Certificate of Merit
- Certificate of merit laws protect design professionals from baseless claims made against them.
- Allowing a third party design professional to review the facts of a claim ensures that false claims are terminated in the early stages, which will reduce both expenses as well as congestion in the court system.
NSPE supports the adoption of a certificate of merit law to reduce baseless claims against design professionals. A certificate of merit would require that the plaintiff make a real effort to establish justification for the claim. This gives the defendant (the design professional) an opportunity to know the nature and scope of the alleged negligence.
Professional engineers face a substantial degree of liability exposure for breach of contract, property damage, personal injury, and wrongful death resulting from alleged negligence or malpractice in the course of their duties. Design professionals, who are presumed to have malpractice insurance, are often targets of suits filed by injured parties seeking relief from anyone even remotely involved in an alleged death, injury or damage. Many malpractice and negligence claims brought against design professionals may have no material basis or justification in fact or in law. Nevertheless, these suits are a source of considerable cost to design professionals in terms of direct expenses, increased insurance premiums, lost productivity, and tarnished professional reputation. In an effort to curb the number of baseless claims brought against design professionals, several states have adopted a certificate of merit statute. A certificate of merit requires the plaintiff to consult with a third party design professional to review the facts of their claim before moving it forward. Only if the design professional declares that there is a reasonable basis for the claim can the plaintiff file with the court. This also allows the defendant to determine whether to contest the suit or possibly settle. This will result in the termination of non-meritorious actions their early stages, thus saving expenses for all parties and reducing court congestion.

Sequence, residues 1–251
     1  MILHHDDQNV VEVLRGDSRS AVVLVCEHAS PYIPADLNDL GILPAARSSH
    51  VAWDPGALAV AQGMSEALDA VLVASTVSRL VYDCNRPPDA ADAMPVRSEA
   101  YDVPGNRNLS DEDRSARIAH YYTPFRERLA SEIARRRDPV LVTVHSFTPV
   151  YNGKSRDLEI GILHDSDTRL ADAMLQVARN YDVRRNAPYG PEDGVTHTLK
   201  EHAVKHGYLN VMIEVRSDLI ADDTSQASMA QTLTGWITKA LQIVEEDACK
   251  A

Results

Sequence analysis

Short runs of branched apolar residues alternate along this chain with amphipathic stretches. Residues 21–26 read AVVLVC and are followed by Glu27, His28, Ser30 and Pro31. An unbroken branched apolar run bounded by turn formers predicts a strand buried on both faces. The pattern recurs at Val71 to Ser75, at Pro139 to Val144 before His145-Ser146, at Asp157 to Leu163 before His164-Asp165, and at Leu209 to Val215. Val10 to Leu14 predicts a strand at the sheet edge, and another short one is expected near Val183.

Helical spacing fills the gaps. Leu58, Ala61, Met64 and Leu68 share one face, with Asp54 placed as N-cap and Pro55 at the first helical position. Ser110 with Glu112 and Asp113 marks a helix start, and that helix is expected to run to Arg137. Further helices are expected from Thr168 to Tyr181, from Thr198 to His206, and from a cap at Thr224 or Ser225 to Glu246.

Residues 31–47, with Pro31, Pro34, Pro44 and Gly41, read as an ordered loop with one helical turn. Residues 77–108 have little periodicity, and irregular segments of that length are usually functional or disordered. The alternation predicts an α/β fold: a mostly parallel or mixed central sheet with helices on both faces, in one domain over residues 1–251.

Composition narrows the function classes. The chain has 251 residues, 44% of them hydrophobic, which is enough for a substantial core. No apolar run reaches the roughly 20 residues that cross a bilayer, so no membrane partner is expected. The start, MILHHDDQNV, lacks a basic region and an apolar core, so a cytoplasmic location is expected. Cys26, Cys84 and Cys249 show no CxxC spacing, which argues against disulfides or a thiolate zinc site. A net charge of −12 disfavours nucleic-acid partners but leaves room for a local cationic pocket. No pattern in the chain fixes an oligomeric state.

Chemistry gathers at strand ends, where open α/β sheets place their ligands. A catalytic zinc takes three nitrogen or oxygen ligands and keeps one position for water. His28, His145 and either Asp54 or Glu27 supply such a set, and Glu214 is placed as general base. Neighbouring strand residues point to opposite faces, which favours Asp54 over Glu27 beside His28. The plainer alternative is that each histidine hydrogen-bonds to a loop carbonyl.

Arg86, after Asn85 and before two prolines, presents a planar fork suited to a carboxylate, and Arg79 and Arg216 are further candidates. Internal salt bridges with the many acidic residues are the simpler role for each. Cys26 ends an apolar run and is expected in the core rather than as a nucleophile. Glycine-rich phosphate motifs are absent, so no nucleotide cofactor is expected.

Professional Policy 160 Model Engineers' Certificate of Merit Law
A State-by-State Summary of Liability Laws Affecting the Practice of Engineering Professional Liability Committee of the Professional Engineers in Private Practice, a division of NSPE, in cooperation with Victor Schinnerer & Co., Inc. 2007